Fabric is a new saddle company, a yet-to-be-released offshoot of UK-based Charge Bikes, with a new premise for saddles. While companies like Fizik offer a vast variety of styles for different riders (are you a Bull, Snake or Chameleon?), Fabric offers more customization of their ultra-simple saddle designs. The saddles are also ultra-light, thanks to new construction techniques and fewer components and materials.
Think that sounds like an uncomfortable compromise? We thought so to, but our initial impressions would prove the exact opposite—the thin, flexible saddles are extremely comfortable because of their construction technique.
Charge Bikes is known for their popular line of saddles—highly customizable and so in demand that founder Nick Larsen decided to start Fabric as an offshoot brand to meet the demand.
There are four saddle options, the Scoop, Line, Cell and Alm, with choices in rail material (carbon, ti, or cro-moly steel) as well as a choice of carbon or nylon for base material, and you’ll see Fabric saddles on some of Cannondale’s high-end road bikes this fall as well.
Larsen is attempting to redefine how bicycle saddles are made.
Every try sitting on a drum? The taut drum head, whether it’s made from leather or polyethylene terephthalate does not flex or conform to you. What does that have to do with bike seats? Modern saddles are often created by stretching some faux leather over some padding, pulling it very tight and stitching it down. The result is a cover that after assembly is taut like a drum, so that it stays in place.
Fabric hopes to avoid this problem by reducing the components, and for some of its saddles, simply gluing a cover to the top of a thin, flexible base. The base flexes with your body and the road, and the cover doesn’t have any tension to counteract the flex or minimize the benefits of padding.
The company showed off its impressive line of new saddles at Summer Press Camp, and we take a look at their new models below.
The mid-range saddle in terms of comfort, the Scoop is “a mid-width saddle designed to provide flexibility and comfort in all disciplines of modern cycling. It is the perfect balance of comfort, performance and simplicity.” Prices start at $69.99, and models include the highest spec version, uni-directional carbon fiber priced at $279.99, a carbon fiber version, titanium version, and hollow cro-mo version as the least expensive of the bunch.
The Cell is the most comfort-driven of the four, and is described as being “perfect for cyclists with wider sit bones.” Of the four, it has the most cushioning to distribute the rider’s weight evenly across the saddle, and “pressurized air-cells set in flexible PU material allow expansion to reduce the force of impact and vibrations.”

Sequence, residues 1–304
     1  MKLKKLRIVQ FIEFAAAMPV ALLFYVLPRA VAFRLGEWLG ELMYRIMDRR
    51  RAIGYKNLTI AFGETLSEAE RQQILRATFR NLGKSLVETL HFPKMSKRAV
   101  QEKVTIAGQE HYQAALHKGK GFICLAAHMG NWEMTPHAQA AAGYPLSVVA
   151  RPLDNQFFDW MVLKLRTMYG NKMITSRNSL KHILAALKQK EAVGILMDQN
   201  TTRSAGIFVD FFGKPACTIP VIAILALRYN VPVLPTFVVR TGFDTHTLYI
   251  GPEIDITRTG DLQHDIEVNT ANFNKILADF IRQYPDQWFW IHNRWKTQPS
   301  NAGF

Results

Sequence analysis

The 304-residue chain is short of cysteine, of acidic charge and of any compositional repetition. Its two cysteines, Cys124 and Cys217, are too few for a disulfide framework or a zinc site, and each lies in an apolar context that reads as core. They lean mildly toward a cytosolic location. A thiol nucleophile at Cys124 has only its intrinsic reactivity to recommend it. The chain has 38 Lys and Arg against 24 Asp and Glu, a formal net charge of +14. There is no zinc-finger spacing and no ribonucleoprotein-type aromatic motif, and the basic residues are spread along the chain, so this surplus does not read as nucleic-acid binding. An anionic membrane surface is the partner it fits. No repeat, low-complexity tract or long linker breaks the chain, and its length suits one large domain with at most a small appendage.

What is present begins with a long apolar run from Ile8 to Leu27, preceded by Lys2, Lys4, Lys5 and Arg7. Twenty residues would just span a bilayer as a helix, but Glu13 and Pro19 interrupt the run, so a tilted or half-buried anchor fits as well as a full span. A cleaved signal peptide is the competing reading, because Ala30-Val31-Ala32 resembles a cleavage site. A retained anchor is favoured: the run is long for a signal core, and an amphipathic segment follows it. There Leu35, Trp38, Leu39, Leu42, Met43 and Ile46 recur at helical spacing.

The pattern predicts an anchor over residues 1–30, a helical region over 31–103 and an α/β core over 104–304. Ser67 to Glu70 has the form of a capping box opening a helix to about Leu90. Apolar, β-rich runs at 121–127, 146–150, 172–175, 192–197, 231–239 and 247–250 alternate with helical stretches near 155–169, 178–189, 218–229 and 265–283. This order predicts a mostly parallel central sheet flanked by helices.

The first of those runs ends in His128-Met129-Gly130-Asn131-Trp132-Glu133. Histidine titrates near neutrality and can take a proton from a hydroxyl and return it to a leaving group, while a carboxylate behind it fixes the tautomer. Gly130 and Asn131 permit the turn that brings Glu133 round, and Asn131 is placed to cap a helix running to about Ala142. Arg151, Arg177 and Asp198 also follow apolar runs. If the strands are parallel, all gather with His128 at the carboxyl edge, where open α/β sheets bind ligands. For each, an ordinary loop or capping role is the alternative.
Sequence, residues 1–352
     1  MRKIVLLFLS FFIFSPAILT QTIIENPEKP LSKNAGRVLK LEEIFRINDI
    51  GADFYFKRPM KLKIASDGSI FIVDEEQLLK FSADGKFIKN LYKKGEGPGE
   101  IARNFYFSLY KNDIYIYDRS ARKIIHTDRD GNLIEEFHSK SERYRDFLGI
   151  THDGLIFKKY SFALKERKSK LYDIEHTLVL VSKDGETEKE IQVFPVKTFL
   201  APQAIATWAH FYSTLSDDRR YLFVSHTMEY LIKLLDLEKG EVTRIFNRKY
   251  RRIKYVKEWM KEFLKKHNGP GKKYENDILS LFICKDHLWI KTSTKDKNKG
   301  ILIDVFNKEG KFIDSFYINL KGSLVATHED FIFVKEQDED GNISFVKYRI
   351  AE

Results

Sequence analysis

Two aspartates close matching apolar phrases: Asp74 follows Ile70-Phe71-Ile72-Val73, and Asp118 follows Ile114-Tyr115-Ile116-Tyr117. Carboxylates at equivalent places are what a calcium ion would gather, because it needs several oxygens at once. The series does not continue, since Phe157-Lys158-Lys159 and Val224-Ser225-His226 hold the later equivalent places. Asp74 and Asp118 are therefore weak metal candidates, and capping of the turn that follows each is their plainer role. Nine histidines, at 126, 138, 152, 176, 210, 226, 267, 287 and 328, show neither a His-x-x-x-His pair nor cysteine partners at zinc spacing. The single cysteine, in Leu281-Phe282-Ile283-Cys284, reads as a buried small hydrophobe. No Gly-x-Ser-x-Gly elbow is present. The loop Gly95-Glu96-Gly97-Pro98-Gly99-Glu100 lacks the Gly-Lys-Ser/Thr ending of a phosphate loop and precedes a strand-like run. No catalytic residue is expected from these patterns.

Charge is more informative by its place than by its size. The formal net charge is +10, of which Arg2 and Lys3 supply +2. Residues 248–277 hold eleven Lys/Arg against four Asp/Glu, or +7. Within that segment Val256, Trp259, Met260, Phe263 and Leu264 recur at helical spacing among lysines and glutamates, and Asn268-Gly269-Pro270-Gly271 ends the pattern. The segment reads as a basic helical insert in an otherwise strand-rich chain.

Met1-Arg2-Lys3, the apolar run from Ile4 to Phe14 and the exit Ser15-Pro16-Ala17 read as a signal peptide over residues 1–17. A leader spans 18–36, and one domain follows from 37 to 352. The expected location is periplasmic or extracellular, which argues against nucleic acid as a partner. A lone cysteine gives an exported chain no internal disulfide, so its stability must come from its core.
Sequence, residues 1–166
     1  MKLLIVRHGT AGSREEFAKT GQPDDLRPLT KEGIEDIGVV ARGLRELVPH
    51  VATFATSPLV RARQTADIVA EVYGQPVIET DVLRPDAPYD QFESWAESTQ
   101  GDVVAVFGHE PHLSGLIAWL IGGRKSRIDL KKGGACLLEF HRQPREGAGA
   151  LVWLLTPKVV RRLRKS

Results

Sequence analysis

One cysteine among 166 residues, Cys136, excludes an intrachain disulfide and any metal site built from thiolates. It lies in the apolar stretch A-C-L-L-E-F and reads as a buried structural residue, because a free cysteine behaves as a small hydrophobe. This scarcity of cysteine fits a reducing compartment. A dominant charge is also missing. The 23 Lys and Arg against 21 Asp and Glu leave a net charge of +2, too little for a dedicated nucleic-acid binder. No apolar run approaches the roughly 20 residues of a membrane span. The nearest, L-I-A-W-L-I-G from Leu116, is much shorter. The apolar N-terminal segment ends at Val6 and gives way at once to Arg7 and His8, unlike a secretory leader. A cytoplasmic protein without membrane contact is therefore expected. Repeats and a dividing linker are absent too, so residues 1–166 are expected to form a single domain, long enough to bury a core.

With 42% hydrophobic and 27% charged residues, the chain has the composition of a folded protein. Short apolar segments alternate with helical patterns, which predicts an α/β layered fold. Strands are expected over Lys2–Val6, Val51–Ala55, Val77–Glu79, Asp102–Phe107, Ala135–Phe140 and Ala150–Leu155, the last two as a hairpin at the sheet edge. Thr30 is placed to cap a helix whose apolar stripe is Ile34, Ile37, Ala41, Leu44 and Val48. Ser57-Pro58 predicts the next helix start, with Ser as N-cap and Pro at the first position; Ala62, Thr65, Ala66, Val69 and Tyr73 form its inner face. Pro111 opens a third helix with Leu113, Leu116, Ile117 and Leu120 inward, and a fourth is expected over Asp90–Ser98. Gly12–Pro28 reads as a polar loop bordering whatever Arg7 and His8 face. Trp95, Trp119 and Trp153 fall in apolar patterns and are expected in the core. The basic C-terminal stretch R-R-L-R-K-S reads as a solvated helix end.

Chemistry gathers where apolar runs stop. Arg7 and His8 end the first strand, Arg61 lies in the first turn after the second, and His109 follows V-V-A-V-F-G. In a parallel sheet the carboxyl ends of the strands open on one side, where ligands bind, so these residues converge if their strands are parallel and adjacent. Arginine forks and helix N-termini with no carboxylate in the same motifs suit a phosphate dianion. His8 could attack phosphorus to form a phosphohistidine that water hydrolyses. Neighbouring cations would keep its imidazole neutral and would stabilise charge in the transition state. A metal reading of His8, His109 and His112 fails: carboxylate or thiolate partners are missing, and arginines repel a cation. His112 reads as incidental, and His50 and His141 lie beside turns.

This model will be released in the Fall. Remind you of a popular shoe sole? That’s not a coincidence, the company admits.
The Line is interesting in that it caters to a specific rider profile. The Line is a narrow saddle with a pressure relief channel in the cover that optimizes weight and increases flexibility, and is “best suited to a narrow-hipped, slim body.”
The Line is new to the market, so pricing is still being determined.
Clearly the raciest of the three, the Alm is narrow and more suited to a 40 minute race than a 100-mile gravel grinder. The first versions were made with cutting-edge aerospace technology from Airbus, with 3D printing of titanium rails that were later wrapped in carbon. The result? An ultralight, high-end saddle that put it into whole-bike range at over $750 dollars with a buffalo leather cover. Fabric calls this “a departure from traditional saddle design” and we’d agree. We’d also call that a departure from tradition saddle pricing, and they’d agree. So they went back to the drawing board, determined they could make the entire rail out of carbon and have it be lighter and stronger.
It looks simple, since it’s almost entirely carbon: Custom leaf-spring carbon-fibre rails and an aerospace-grade UD carbon-fiber base leave the Alm weighing in at 127 grams. It’s still pricey at over $300, but no longer an order of magnitude above other top-shelf saddles.
The shell is so thin, cyclocrossers might worry about catching the sharp edge on their shorts on a remount, but it’s a price to pay for having the cutting-edge in saddle design.
We currently have a few Fabric saddles in hand and are impressed. Stay tuned for a full review.
More info: fabric.cc